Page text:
5 Keys to Coping with Complexity in Modern Logistics

Posted by Brian Hoey on Jan 22, 2019 9:00:00 AM

When you play chess, you’re supposed to think several moves ahead. This means that whenever you move one of your pieces, you should be anticipating the possible moves that your opponent will make in response, and what you’ll do in response to your opponent’s next moves. Since at each stage there are multiple possibilities, the possible scenarios you need to keep in your head at any given time begin to multiply pretty quickly. And yet, for each scenario it’s imperative to be able to look at the entire board in your mind and consider all of the hazards and opportunities that present themselves. In this way, it’s a little bit like logistics planning.

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Topics: Logistics 4.0, Transportation Management

Picking the Right Supply Chain Technology: Industry 4.0 Edition

Posted by Brian Hoey on Jan 17, 2019 9:00:00 AM

Plenty has been written on the perils and best practices that come with selecting the right technology for your business. Usually, businesses will be told to look at online reviews, to do their due-diligence on the provider to make sure that they deserve the trust that’s being placed in them, and to be conscious of what the typical pricing structures are within the relevant industry. This is all excellent advice, but it might not directly speak to the most important questions being considered by businesses. Why? Because while evaluating an IT solution is, in some ways, just like evaluating any other product, it’s also markedly different in others. Specifically, it requires businesses to think not just practically but conceptually, considering the long-term, transformative implications of a given piece of software.

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Topics: Industry 4.0, Digitization

Are Your Demand Forecasts Data-driven?

Posted by Brian Hoey on Jan 15, 2019 9:00:00 AM

Let’s take a second to compare two hypothetical World Cup forecasts. Both forecasts are trying to determine who the likely winner of the contest will be, but their methods differ fairly radically. The first forecast starts out with team rosters, facts and figures, and all manner of statistics pertaining to the various players and teams. Based on those facts and figures, a statistician begins to derive and weight a set of probable outcomes. Those outcomes are sent on to a human prognosticator (an expert in the sport, perhaps a former player or coach or a newspaper commentator) who uses his experience and judgment to tweak the probabilities handed down to him by the statistician. The stats think that a particular player on the French team will age poorly, but the prognosticator thinks otherwise, and changes the predictions accordingly. After this first round of edits, the predictions are passed on to the next editor, who brings her own experience to bear, changing the projected outcomes yet again.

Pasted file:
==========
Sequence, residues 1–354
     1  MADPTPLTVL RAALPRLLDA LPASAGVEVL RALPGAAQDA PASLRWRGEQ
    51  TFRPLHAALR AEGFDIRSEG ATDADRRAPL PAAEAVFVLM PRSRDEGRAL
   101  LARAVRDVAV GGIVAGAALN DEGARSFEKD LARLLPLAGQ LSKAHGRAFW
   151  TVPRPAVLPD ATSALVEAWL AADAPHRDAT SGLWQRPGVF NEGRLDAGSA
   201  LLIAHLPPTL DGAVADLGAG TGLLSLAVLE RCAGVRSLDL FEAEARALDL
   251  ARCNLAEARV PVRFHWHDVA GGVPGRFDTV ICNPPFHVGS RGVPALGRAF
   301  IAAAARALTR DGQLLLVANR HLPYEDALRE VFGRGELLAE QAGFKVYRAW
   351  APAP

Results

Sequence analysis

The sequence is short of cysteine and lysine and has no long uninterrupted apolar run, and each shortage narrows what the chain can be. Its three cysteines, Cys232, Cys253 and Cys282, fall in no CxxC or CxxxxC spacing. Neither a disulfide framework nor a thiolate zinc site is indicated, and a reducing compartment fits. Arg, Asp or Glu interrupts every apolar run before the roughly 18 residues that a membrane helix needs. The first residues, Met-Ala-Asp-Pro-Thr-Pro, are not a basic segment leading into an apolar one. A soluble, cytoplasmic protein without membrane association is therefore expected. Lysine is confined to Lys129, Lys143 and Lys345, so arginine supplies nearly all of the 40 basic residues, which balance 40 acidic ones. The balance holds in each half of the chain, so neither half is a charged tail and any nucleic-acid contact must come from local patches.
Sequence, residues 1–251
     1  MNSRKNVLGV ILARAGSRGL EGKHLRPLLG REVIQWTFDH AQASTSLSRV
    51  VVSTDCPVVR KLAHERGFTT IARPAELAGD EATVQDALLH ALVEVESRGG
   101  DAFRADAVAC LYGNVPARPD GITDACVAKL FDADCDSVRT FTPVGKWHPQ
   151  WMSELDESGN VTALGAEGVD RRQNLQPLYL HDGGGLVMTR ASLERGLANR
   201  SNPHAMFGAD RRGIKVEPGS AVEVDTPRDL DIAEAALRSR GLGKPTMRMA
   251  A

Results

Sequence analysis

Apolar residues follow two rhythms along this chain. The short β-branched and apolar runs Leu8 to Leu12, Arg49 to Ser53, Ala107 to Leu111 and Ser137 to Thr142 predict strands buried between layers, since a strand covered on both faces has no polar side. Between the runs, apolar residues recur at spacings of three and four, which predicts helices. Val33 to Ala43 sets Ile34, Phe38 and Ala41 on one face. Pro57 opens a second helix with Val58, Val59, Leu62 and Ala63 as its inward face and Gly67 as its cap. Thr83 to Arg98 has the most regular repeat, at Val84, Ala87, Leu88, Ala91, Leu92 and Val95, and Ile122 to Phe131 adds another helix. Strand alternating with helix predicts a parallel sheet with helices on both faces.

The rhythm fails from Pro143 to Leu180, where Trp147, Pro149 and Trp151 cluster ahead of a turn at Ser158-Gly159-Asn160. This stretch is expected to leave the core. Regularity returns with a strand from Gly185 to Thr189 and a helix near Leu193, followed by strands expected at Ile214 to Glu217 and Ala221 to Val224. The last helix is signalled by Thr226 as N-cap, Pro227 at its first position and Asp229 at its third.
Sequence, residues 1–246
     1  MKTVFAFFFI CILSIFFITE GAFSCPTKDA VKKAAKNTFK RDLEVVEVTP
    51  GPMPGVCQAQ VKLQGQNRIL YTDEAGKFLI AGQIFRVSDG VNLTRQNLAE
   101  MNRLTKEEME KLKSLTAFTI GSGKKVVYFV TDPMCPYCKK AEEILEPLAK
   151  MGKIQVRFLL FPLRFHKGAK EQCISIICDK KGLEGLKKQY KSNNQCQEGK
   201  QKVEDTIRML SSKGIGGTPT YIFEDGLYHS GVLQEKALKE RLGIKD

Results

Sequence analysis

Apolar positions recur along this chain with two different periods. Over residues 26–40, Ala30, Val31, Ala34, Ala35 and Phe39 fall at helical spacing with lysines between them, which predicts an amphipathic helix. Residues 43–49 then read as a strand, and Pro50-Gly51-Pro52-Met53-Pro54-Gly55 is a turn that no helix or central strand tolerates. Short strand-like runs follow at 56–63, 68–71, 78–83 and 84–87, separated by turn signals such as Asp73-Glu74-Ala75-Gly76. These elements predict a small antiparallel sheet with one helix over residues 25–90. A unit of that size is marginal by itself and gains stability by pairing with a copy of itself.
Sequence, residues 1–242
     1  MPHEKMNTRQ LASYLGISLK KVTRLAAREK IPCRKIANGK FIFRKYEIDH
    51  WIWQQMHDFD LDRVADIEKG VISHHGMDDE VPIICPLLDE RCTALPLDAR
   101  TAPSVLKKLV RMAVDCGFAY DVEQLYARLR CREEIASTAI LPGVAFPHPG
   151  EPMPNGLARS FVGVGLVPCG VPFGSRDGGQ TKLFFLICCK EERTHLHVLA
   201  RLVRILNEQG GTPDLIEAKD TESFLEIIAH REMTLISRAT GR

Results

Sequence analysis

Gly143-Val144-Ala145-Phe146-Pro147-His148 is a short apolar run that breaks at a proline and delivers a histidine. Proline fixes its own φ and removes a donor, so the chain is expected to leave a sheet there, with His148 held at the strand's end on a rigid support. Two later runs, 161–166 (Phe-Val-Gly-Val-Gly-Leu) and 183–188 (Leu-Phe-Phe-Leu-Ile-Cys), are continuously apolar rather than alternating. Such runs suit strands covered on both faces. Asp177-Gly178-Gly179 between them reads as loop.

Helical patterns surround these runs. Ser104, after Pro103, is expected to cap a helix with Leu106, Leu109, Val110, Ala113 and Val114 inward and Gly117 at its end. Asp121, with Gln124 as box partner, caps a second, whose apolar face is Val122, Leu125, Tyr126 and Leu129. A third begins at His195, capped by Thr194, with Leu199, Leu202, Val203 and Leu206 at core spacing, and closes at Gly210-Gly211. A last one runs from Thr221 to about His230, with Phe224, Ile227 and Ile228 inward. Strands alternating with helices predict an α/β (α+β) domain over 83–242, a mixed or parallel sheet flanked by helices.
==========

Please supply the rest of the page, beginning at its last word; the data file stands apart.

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Topics: Demand Capacity Planning, Advanced Analytics

5 Keys to Successful Demand Capacity Planning

Posted by Brian Hoey on Jan 10, 2019 9:00:00 AM

Let’s say you’re a freelance writer. You’re trying to grow out your list of clients and get some more work, but you don’t want to commit to doing more work than you can actually handle. So, you sit down to analyze your previous work habits. How many words did you write per hour on average? Did the number of words vary by project type or industry? How many hours are you willing to work each week? How much overtime can you work before you become burned out? With these considerations, you’re able to figure out roughly how much demand you can meet. In this way, you optimize your earning potential and utilize your work hours in the most efficient way.

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Topics: Demand Capacity Planning

5 Benefits of Supply Chain Integration

Posted by Brian Hoey on Jan 8, 2019 9:00:00 AM

In baseball, the pitcher and the catcher must communicate via signs in order to implement a strategy to get the batter out. Depending on the strategy, the various fielders may need to position themselves closer to or farther away from home plate (if the pitcher is trying to induce a ground ball out or a fly ball out, for instance), which means that the strategy must be agreed upon beforehand and disseminated amongst the entire squad—not just the pitcher and the catcher. Picture the alternative: the pitcher decides on his own what approach to take, and the catcher is stuck trying to catch whatever is thrown at him without any advanced notice; meanwhile, the fielders don’t know what to expect, so they’re not able to position themselves appropriately. As a result, a batted ball is likely to result in chaos. 

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Topics: Lean Manufacturing, Advanced Analytics

Can Industry 4.0 Prevent Supply Chain Disruptions?

Posted by Brian Hoey on Jan 3, 2019 9:00:00 AM